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Sunday grace

Oh Lord, You know me well, better than anyone else.

You know my grace-filled ponderings. You also know when I am anxious, angry, disgruntled, unbelieving.

You have a window into my heart that no one else has ever seen. The place where I battle to bring every thought into subjection to You.

I want to dwell on things that are pure and lovely, honorable and true. Sometimes I struggle.

Oh Lord, You love me like no other, even though You know me so well. How is that possible, that Your love goes beyond my ability to be lovable?

I don’t understand Your ways. They are too high, too deep. I cannot grasp Your affection for me. You give love like an ever-bubbling stream, a fountain of fresh life. It washes over me, calling me to climb higher and dwell peacefully in hope.

Why do I worry and stress when I am Yours and You have me in Your hands, working out Your perfect plan? Why do I let anxiety get the best of me? You are my Lord and Savior, my Redeemer and the God who sees me.

You are the Lover of my soul, the Shepherd who leads me beside still waters and restores my soul.

Still my apprehension and my fear as I put my trust in You.

Sunday grace

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Second Tuesday in November

Today is election day in the United States of America. It seems we have not been particularly united of late.

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I woke with the thoughts of campaigns ending, the circus it has all been finally leaving town. And the Spirit sings to me, “Our God is in control.”

As I sit in my rocker in the pre-dawn hours, coffee and Bible in hand, I pray for my country, sweet land of liberty, land that I love. Today marks a day of changes, no matter how the pendulum swings.

Sweet William and I went early to the polls to cast our ballots. The parking lot was full and people waited in line to vote. I hope that is an indication that we care about the election outcome, that we are willing to be responsible citizens, that the invasion of lethargy and hopelessness has not won a battle.

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No matter what tomorrow’s result, I know this one thing for certain: My God is in control.

An old refrain echos the same, “I don’t know who holds tomorrow, but I know who holds my hand.”

And still another melody from my childhood offers comfort,

“Tis so sweet to trust in Jesus, just to take Him at His word. Just to rest upon His promise, just to know ‘Thus saith the Lord’.”

Today I will hope in the Lord. His Truth still marches on.

Today I will trust in Jesus. He is the same, yesterday, today, and forever.

Today I will sing and rejoice in my salvation with thanksgiving, for this is God’s will for me.

Today I will choose joy no matter the outcome.

Because my God is in control.

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Strength will rise

Lines were drawn in the sand months ago. The games have begun; opponents faced off; and I hear in the distance, “Red Rover, Red Rover, we dare you come over.”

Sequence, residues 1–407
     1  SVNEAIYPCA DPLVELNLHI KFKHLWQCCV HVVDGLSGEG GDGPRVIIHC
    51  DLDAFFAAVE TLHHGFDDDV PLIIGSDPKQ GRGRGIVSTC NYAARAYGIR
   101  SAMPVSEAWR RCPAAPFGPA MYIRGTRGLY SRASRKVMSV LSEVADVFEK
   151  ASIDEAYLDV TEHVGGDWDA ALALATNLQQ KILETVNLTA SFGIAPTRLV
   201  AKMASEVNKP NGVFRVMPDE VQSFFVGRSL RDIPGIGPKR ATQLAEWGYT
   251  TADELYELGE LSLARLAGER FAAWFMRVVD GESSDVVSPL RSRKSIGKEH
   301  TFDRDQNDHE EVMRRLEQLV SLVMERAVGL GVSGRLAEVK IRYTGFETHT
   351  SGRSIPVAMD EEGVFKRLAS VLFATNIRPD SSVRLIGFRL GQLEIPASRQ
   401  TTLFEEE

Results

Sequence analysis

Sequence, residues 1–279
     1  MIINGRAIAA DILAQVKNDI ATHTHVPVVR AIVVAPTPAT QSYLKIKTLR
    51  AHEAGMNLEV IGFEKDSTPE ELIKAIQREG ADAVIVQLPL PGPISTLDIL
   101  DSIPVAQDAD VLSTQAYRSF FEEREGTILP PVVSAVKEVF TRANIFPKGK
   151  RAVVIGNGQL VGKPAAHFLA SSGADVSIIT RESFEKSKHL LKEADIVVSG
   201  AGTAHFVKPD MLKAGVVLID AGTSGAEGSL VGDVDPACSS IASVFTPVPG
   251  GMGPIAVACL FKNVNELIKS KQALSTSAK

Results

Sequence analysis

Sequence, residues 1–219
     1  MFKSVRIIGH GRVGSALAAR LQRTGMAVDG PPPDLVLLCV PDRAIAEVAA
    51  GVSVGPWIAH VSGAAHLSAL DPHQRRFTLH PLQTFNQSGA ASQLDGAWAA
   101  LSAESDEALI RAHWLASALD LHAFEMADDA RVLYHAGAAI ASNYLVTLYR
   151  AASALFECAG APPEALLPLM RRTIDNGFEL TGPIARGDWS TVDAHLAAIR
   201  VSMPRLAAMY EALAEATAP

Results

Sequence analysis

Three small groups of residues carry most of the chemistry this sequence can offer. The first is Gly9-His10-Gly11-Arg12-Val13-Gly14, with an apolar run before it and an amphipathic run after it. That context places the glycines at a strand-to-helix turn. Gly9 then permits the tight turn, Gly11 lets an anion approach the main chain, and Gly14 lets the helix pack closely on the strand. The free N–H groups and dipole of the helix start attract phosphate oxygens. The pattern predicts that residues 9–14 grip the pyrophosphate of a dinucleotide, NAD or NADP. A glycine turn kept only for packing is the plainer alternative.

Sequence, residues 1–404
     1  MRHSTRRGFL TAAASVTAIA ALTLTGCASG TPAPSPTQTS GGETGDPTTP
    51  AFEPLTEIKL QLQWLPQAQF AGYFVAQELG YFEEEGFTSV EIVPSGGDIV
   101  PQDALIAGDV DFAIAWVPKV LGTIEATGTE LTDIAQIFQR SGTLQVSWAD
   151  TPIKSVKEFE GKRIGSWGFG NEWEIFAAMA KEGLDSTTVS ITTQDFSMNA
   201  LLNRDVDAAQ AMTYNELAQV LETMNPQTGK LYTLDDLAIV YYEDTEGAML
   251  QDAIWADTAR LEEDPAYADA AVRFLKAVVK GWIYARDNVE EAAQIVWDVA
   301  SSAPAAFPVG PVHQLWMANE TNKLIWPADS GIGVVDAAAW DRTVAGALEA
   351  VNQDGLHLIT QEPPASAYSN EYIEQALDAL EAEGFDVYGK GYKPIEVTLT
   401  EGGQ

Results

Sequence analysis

This side says one thing. The other side contradicts. The first side rebuts. And the air feels hotter than my outdoor thermometer indicates.

Who do I believe? When the words are conflicting, but each declares it to be the honest-to-god truth, who really is the truth teller?

Can one look polished, smile and shade the truth while reading from a telemonitor?

I wonder who we are. One nation under God? Indivisible? With liberty and justice? For all?

My mind whirls. There are choices to be made, and I must choose wisely.

In the thick of spins and commentary and promises that sound convincing and too good to be true, who is really speaking the whole truth and nothing but? I wonder.

The atmosphere is tornadic. Yet I hear a melody in my heart, coming from somewhere deep, my spirit connecting with the Spirit.

And He sings,

Our God, You reign forever
Our hope, our Strong Deliverer
You are the everlasting God
The everlasting God
You do not faint
You won’t grow weary

You’re the defender of the weak
You comfort those in need
You lift us up on wings like eagles

 

There is One truth-teller. There is One who always keeps His promises. There is One who is strong and able to do what seems impossible. There is One who gives hope to the weary, the downtrodden, the helpless, the defenseless.

He is the Everlasting God. I will lift my eyes to Him, away from the noise and fray of the crowds, so that I am not afraid of the future.

Strength will rise when we wait upon the Lord.

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Thou O Lord

The engines roared into our quiet close-knit community, sirens blaring and lights flashing.  The dark night was ablaze with fire coming from our neighbors house, people who are more than neighbors.  They are my family.  My near kin.

“Oh Jesus!” was all I could say, all I could pray.  Over and over, it was a moan of desperation in a desperate situation.

Neighbors and friends came out of warm cozy houses and family celebrations, not knowing what to do, only lending their presence.  And when the sky falls what is there to do but huddle close, be there to hold onto and cry with, to pray for grace and mercy in a night of horror?

Our thankful prayer was that all souls were safe, unharmed, spared the smoke inhalation and burning.

Christmas Day suddenly became something different for us.

 “Lord, how are they increased that trouble me! many are they that rise up against me.   Many there be which say of my soul, There is no help for him in God. Selah.”

We watched from a distance, as firefighters risked life and limb to try to salvage what was so far gone, to put out flames that burned hot and ferocious.  They did what they were trained to do.  All we could do was stand back and let them.

Gathered at the closest house, we sat on the deck in the cold night, tears streaming down wondering how and why and what to do next.  Silent prayers echoed in our hearts.

But thou, O Lord, art a shield for me; my glory, and the lifter up of mine head.  I cried unto the Lord with my voice, and he heard me out of his holy hill. Selah.”

 And yet, underneath are the everlasting arms of a God who knows all.  I don’t understand His ways, but I know that He is wise beyond me.  We know that His mercy is plentiful and His grace is sufficient.  His love endures when nothing else will.